Chatsworth, IL Train Wreck, Aug 1887
The news was sent to the adjoining towns as soon as possible. It was a dreadful wait before any assistance came, but I suppose in reality it was only a few minutes. We were a little better off then, for their provisions were altogether inadequate for the great work in hand. Physicians were soon summoned from all the neighboring towns and by 3 o'clock in the morning the officials of the road were on their way from Springfield, with all the doctors they could muster. Two hours after the wreck, and, to add still more suffering to its horrors, the rain began to pour in torrents and for several hours drenched the dead and the dying. But the horror might have been worse had not the burning culvert been extinguished when it was. The debris would have burned, causing a dreadful holocaust, in which hundreds who either escaped from the wreck uninjured or wounded would have been burned to death. Not a soul in the forward ten cars could have survived. But the engineer of the leading engine returned to the scene of the wreck and gave us what water he had and after that gave out we extinguished the flames with dirt thrown upon the burning timbers. Thank goodness that only one-fourth of the train load were hurt. I don't see now in the world any of us were saved."
Back in the little city, after the dead had been cleared from the floor of the school house, the weary Samaritans were arranging for watches during the night at the bedsides. The coroner's inquest was begun. The superintendent of the road and his assistant were sworn, but before any of the material facts were reached, adjournment was taken until to-day.
ROBBING THE DEAD.
For one of the worst features of the affair no excuse is possible. There were vandals at work at the wreck. In one instance a wounded man called the passerby to help him; instead of so doing the villain reached down and took the watch from the injured man's pocket and fled. In another instance, the dead body of a woman was robbed of jewelry, rings, etc., on her person.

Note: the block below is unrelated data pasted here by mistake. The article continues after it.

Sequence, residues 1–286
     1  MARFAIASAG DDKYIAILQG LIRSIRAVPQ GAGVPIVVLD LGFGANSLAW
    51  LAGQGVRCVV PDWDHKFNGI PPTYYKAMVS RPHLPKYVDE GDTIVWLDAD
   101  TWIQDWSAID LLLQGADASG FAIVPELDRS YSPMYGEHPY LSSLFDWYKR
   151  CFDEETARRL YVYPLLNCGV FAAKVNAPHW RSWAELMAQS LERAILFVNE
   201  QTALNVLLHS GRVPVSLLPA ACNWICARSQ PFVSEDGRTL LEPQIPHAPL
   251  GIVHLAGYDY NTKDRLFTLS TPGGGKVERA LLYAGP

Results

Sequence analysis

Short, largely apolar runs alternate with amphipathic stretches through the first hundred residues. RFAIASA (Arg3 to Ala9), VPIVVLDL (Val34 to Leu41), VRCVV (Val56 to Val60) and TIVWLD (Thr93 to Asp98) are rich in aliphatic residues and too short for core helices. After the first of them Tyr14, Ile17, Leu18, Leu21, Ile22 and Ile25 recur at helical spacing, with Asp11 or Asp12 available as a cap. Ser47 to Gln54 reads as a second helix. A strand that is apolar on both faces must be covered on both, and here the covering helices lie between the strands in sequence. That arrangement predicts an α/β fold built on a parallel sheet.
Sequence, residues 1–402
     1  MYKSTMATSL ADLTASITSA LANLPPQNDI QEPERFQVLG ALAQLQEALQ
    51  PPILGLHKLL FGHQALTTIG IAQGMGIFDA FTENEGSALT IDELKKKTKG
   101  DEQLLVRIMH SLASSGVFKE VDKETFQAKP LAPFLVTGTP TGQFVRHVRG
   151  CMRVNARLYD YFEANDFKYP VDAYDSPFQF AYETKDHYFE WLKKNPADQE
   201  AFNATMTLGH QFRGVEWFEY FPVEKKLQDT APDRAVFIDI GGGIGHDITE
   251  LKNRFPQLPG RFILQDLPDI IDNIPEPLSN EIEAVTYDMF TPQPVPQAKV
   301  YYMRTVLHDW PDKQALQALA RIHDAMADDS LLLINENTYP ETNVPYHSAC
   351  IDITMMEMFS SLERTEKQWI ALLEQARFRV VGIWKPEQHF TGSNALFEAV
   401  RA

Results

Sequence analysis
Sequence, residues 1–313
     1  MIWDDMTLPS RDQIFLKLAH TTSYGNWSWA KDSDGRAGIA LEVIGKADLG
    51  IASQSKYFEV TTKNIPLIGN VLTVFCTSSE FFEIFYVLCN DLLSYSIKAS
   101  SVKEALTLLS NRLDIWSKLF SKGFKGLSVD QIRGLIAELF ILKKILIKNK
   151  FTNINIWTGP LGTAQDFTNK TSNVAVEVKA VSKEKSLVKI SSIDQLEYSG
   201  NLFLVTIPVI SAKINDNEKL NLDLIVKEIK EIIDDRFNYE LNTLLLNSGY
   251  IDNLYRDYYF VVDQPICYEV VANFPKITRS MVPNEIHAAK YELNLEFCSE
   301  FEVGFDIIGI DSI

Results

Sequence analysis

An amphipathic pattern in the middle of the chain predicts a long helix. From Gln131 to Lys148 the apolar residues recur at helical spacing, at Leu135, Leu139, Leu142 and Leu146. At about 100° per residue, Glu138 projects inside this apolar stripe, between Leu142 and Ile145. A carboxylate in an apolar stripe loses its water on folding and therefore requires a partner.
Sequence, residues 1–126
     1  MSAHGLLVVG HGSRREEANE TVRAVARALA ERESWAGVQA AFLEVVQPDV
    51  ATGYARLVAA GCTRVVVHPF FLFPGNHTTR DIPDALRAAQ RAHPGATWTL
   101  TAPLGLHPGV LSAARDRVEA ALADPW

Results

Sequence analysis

A noble girl named GANNY BREBNER, of Farmington, Ills., was one of the notable heroines of the wreck. She went through the disaster unhurt and hour after hour, from that on acted as nurse for dying victims. So great were her services that the physicians finally placed under her exclusive charge two injured boys from Peoria and a photographer from Burlington, Ia. They were all badly hurt and if they recover eventually they will owe it almost wholly to her ministrations. It was she and a score of others like her who redeemed confidence in human nature after a sight of the vandals of the wreck. The actions of men there were so bad in certain cases that a rumor started to-night that the wreck was not an accident, but had been wrought solely for robbery.
NARRATIVE OF A PASSENGER.
CHICAGO, Ill., August 12.
The times Galesburg, Ill., special says: "A number of Galesburg people who were on the excursion train returned to-night. W. GUCKER and wife were in the rear end of a chair car. The shock came about 10 minutes to 12; I was roused, said MR GUCKER, "by the smashing of glass and breaking of car timbers and by shrieks of pain and cries for help. Our car had been telescoped and was standing nearly on end, our ending being twenty-five foot in the air. I broke a car window and managed to slide down the side. Others of our party did the same. The car was a sight; the top parted, the sides crushed in. At the time of the accident there were thirty in the car. Six of us got out alive. It was horrible. There were hardly any lights to be be had. There was no water. The cars caught fire. Willow switches and earth were used to put out the flames with. I saw most pathetic sights, parents carrying dead children in their arms, children clamoring for their parents, wounded persons crawling painfully into the adjacent cornfields, and cries for water and for help prevailing on all sides. A woman sitting in front of me had her head taken off. Six young men from Canton in the front car were saved by being thrown by the shock through the parted roof. I heard that one man who had lost his wife and child committed suicide. The bridge was a wooden concern, no iron or stone, and looked to me like a weak structure for a double header. The hot rails spread about the time the locomotives were fairly on the bridge, the two locomotives ran into the embankment and rolled down its side. The cars went in every direction, piled up in a huge mass."
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